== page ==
At Home: A Short History of Private Life

Image of At Home: A Short History of Private Life
Release Date: 
October 3, 2011
Reviewed by:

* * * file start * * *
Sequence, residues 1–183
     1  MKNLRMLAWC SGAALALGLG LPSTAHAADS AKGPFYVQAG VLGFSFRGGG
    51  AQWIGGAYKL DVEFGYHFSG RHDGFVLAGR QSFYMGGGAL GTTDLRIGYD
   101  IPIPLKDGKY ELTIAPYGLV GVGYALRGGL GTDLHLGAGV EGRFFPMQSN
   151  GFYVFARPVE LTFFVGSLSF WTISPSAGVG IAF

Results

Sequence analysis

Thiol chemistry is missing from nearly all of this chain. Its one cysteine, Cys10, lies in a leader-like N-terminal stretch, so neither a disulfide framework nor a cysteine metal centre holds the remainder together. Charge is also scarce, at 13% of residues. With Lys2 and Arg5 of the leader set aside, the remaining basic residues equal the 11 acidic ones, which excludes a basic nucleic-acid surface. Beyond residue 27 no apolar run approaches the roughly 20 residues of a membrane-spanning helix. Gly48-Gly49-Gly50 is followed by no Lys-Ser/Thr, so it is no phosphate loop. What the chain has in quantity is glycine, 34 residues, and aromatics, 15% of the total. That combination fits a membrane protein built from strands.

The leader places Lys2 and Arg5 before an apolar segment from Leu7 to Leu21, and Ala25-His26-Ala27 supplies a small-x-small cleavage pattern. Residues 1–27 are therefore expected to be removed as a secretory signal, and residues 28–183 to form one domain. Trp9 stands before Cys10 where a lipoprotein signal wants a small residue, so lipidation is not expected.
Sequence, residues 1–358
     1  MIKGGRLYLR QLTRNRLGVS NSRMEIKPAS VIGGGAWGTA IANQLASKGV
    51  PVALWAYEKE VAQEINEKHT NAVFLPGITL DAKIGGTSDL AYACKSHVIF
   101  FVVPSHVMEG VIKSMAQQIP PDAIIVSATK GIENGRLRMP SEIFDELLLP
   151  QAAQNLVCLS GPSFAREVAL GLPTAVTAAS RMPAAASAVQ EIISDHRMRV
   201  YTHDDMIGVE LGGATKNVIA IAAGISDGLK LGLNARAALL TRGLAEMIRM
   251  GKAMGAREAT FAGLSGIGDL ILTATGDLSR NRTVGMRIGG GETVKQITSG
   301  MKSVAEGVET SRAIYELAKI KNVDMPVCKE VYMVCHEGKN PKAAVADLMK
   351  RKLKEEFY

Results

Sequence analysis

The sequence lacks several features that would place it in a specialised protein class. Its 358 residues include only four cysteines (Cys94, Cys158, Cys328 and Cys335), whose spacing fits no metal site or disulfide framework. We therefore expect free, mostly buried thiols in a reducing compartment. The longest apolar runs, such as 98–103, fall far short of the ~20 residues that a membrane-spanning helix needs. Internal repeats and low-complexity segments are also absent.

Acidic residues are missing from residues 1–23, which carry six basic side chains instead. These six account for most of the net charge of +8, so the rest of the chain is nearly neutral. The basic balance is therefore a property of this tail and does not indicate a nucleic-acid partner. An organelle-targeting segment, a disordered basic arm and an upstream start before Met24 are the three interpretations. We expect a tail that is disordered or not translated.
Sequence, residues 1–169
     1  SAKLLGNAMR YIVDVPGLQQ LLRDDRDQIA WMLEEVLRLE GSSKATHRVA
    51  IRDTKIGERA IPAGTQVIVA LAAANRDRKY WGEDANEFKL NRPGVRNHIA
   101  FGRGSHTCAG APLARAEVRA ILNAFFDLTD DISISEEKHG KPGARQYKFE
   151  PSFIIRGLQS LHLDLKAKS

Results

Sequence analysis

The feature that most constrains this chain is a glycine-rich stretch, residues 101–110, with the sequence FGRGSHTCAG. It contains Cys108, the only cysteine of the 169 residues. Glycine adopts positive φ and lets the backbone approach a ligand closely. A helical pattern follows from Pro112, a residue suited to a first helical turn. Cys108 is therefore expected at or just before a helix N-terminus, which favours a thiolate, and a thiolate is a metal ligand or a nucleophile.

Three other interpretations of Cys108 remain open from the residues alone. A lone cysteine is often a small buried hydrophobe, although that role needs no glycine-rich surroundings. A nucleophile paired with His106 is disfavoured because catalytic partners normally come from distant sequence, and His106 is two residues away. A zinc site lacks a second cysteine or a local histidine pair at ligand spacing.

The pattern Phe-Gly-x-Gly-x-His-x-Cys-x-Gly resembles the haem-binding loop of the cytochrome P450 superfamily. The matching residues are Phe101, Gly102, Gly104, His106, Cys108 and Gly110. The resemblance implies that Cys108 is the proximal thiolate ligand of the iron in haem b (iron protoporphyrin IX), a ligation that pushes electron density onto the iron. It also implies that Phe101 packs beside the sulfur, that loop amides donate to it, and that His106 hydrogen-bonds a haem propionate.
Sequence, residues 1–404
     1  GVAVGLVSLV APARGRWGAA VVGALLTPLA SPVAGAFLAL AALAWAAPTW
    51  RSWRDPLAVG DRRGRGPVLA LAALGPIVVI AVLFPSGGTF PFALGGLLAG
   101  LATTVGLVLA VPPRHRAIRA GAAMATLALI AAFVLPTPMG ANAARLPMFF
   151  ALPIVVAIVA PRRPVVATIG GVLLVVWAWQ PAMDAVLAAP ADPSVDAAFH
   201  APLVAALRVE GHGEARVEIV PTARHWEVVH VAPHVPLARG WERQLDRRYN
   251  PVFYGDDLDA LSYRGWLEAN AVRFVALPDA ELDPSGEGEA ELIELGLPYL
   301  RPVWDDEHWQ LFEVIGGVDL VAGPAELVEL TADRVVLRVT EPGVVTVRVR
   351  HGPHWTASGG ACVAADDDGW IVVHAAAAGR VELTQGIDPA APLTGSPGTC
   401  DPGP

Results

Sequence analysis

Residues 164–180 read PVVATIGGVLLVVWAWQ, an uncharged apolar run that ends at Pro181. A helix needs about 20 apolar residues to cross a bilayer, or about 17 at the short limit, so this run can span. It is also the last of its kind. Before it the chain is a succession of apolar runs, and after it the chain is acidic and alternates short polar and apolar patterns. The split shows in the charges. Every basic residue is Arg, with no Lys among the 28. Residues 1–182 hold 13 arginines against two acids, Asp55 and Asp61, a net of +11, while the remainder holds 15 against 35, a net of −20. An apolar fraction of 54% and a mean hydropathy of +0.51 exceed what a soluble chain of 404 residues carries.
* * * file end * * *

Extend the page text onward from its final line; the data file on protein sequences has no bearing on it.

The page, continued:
Veteran author Bill Bryson delights in skewering the arrogant rich in England and the United States, particularly the folks who lived in the 19th and early 20th centuries in this quirky survey book. His litany of the vast number of servants, silverware, and foodstuffs at meals make his point. The premise of this nonfiction, historical book is that an individual home is an excellent jumping off point to a wide variety of subjects. Bryson happens to live in a former church rectory that was built in 1851. While his home is not typical of most, it is clearly an excellent basis for an historic survey. This is a loosely structured stroll through many centuries and cultures with Bryson as the tour guide. He was born in the United States and educated here; however, his manner of speaking is clearly influenced by his long-time residence in England. The notion of inventiveness and progress being a function of opportunity and dedication to an idea is a thread that runs through many chapters, each of which focuses on a particular room or area of his home. The associations are reminiscent of the Public Broadcast System series, “Connections,” narrated by James Burke. The tangents developed within each chapter tend to take the reader a bit far afield from the room being featured. The basement, for example, correlates to the notion of a sturdy underpinning for the home that evolves into a survey of the evolution of construction, culminating in the Eiffel Tower. This is clearly a case of going from the mundane to the sublime in a matter of pages. Conversely, the study, a room that might easily provide a scenario related to reading, education and leisure time, instead, becomes the scene of mice and extermination. The chapter is easily the most disconcerting as it focuses on the vermin and critters with which we share our homes. Bryson seems to delight in the mind-numbing and chilling statistics for mouse and rat populations of the past and present. He concludes the chapter with the smallest living creatures in our homes and on our persons, namely insects and microbes. Underlying the premise is a charming and unexpected feature. Many of the chapters draw attention to the unsung heroes who were the real inventors as opposed to the person who made vast sums of money and achieved fame. Included for good measure are the names of men who almost got it right but for a twist or turn in their path have not even made it to footnote status in history. At Home is worth the reader’s effort, but the author may remind the reader of a charming college professor who expects a fair amount of retention of his lectures. It is recommended for history buffs along with the reminder that the accuracy of any nonfiction book is subject to a point-in-time qualifier. Some conclusions by the author appear to be made to the advantage of his effort to make clever connections.